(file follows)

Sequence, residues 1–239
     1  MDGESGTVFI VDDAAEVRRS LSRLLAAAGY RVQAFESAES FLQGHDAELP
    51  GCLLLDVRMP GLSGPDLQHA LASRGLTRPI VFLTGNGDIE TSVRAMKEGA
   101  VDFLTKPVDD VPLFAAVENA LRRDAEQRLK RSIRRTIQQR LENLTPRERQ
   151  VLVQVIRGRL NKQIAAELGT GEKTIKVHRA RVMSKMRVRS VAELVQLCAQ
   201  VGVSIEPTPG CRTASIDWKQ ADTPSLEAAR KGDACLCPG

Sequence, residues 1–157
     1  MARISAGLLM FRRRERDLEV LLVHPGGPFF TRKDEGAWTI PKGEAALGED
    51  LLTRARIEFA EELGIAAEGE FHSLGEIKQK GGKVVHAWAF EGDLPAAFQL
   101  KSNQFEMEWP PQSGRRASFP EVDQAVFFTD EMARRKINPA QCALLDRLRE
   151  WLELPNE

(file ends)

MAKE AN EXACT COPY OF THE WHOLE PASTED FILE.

Sequence, residues 1–239
     1  MDGESGTVFI VDDAAEVRRS LSRLLAAAGY RVQAFESAES FLQGHDAELP
    51  GCLLLDVRMP GLSGPDLQHA LASRGLTRPI VFLTGNGDIE TSVRAMKEGA
   101  VDFLTKPVDD VPLFAAVENA LRRDAEQRLK RSIRRTIQQR LENLTPRERQ
   151  VLVQVIRGRL NKQIAAELGT GEKTIKVHRA RVMSKMRVRS VAELVQLCAQ
   201  VGVSIEPTPG CRTASIDWKQ ADTPSLEAAR KGDACLCPG

Sequence, residues 1–157
     1  MARISAGLLM FRRRERDLEV LLVHPGGPFF TRKDEGAWTI PKGEAALGED
    51  LLTRARIEFA EELGIAAEGE FHSLGEIKQK GGKVVHAWAF EGDLPAAFQL
   101  KSNQFEMEWP PQSGRRASFP EVDQAVFFTD EMARRKINPA QCALLDRLRE
   151  WLELPNE